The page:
The argument for God’s existence from objective moral values states that some things are really wrong in themselves, not because society says so or because some human choices may be inherently helpful in survival while others are harmful. Abuse, rape, and child torture are really wrong and not just socially unacceptable behaviors. Conversely, honesty, love, and self-sacrifice are values that have no biological explanation nor have they been proven to help humans survive. The argument from objective moral values to God’s existence runs like this:
1. If objective moral values exist, then God exists.
2. Objective moral values exist.
3. Therefore, God exists.
It is important to understand that it’s not necessary to believe in God in order to live moral lives. Many people who do not believe in God lead good lives that are virtuous and morally upright. What I’m saying is that for objective moral values to exist the best explanation is that there is a moral Lawgiver. Of course, if objective moral values do not exist, then the most anyone can claim as the basis for good behavior is reason, personal preferences, or agreed upon standards in society. For the atheist then, incest or rape may not be socially advantageous, but these acts cannot be objectively wrong, only relatively wrong. If a person can avoid the negative consequences of committing these acts, then there is nothing really wrong with them. since there is no objective moral standard against which to measure their goodness. Given enough time and change, society will alter its beliefs and moral values simply become moving targets within individuals or a people group.
As for objective moral values finding their source in reason, Immanuel Kant claimed that “all moral conceptions have their seat and origin completely a priori in the reason” (Fundamental Principles on the Metaphysics of Morals). But this must be rejected as false, because it confuses the abilities of human reason with the nature of reason. Simply because reason has the ability to discern objective moral values does not mean reason is the source of those objective moral values. Against Protagoras, “Man is [NOT] the measure of all things.” Were it not for humans being made after the image of their Creator, then even the ability to discern objectively right from wrong would be absent.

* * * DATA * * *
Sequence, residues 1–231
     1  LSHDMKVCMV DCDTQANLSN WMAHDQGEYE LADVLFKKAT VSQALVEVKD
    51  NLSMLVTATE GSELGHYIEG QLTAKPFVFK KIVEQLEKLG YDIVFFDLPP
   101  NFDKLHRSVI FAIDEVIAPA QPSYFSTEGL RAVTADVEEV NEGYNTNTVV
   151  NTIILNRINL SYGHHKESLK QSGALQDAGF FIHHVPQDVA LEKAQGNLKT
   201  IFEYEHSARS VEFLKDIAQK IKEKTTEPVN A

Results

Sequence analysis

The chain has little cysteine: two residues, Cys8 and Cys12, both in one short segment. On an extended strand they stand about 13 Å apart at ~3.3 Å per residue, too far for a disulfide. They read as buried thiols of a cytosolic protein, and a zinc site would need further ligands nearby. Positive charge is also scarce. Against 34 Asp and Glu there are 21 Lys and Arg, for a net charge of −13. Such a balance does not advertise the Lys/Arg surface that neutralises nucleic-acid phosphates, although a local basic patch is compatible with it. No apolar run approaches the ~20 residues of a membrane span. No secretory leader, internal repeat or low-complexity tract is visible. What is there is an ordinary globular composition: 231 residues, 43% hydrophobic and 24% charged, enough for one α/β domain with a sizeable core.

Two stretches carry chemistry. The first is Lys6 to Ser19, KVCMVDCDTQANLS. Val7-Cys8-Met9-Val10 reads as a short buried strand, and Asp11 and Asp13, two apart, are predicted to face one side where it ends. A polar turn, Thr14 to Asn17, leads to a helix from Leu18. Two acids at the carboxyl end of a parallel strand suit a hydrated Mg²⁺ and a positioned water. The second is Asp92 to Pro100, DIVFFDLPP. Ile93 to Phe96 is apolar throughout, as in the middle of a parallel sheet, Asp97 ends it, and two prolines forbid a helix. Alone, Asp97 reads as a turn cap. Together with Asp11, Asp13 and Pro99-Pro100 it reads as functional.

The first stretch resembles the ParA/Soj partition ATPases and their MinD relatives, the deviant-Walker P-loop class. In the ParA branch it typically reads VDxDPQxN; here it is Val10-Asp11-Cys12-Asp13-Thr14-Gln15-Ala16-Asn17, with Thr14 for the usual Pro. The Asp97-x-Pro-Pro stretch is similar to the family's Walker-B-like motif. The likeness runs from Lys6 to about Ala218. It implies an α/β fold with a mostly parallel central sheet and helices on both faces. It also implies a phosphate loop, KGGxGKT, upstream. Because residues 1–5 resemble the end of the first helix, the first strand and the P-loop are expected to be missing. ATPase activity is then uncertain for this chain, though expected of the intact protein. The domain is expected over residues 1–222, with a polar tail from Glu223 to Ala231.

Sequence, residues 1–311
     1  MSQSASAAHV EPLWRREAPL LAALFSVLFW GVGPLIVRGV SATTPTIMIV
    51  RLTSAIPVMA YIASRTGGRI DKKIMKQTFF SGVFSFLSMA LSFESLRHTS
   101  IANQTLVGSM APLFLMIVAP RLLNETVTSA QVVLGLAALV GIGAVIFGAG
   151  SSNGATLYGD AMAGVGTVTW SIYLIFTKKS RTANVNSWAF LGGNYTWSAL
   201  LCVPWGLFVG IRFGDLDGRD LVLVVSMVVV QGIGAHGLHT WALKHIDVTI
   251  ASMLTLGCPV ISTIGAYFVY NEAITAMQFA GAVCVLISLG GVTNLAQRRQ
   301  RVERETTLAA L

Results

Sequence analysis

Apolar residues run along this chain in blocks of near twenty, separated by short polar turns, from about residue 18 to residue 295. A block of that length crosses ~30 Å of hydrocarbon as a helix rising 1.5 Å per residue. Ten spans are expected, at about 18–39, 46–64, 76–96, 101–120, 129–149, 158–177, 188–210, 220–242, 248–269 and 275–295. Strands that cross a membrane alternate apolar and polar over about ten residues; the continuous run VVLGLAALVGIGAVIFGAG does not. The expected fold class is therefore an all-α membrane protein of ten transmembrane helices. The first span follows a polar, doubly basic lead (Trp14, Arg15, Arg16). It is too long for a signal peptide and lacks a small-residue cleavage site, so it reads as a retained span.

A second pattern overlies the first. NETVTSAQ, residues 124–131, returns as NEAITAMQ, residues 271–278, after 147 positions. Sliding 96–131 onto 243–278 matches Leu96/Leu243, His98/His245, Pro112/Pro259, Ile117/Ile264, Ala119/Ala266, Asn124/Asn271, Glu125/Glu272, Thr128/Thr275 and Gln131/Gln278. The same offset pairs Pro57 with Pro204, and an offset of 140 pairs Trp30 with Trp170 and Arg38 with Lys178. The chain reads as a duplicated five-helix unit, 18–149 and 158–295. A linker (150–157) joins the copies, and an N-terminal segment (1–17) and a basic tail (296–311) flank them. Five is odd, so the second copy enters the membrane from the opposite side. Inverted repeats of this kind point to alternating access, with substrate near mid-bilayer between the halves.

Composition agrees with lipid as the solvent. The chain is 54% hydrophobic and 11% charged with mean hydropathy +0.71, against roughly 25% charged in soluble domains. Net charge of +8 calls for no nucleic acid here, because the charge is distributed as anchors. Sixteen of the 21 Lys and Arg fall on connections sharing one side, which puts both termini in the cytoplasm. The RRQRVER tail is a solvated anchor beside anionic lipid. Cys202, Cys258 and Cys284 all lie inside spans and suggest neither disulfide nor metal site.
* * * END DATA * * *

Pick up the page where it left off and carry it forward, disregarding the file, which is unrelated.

What about those who claim “I am the authority on who/what is my moral authority?” It is important to distinguish between recognition and attribution. I may be able to recognize a moral authority but this does not mean that moral authority is attributed to me. For example, if I assert that it is wrong to drive faster than the speed limit, I am not necessarily the authority on speeding. Rather, I am simply recognizing an authority (civil government) outside of myself. Likewise, to recognize that God is the ground of objective moral values is not to set one’s self up to be the authority in any ultimate sense, but merely to assert a starting point for objective moral authority.
The believer in God insists that certain acts are really wrong and they’re wrong because God defines what is right and what is wrong. But of course, this requires God’s existence. If God does not exist, then what is left over morally? Consider the penetrating words of E. J. Carnell who insists that without God:
humanity appears to be but a huddling mass of groveling protoplasm, crowded together in a nervous wait for death, not unlike a group of helpless children that aggregate together in a burning building, pledging to love each other till the end comes . . . we are all going to die, and . . . ‘the wages of virtue is dust.’
Edward John Carnell, An Introduction to Christian Apologetics (p. 327)
And so, given God’s existence, how does one determine what is morally right and good?
The good is not a product of an arbitrary decision of a mere will sporting about in a vacuum. Neither is it good because God’s will happens to yield to an alleged higher set of (Platonic) principles to which the Creator of all is subservient. Rather, the good is good because it is consistent with God’s very nature.
Gordon Lewis and Bruce Demarest, Integrative Theology, Vol. 1, (p. 234)
To read more, see my “The Divine Command Dilemma: A Christian Appraisal”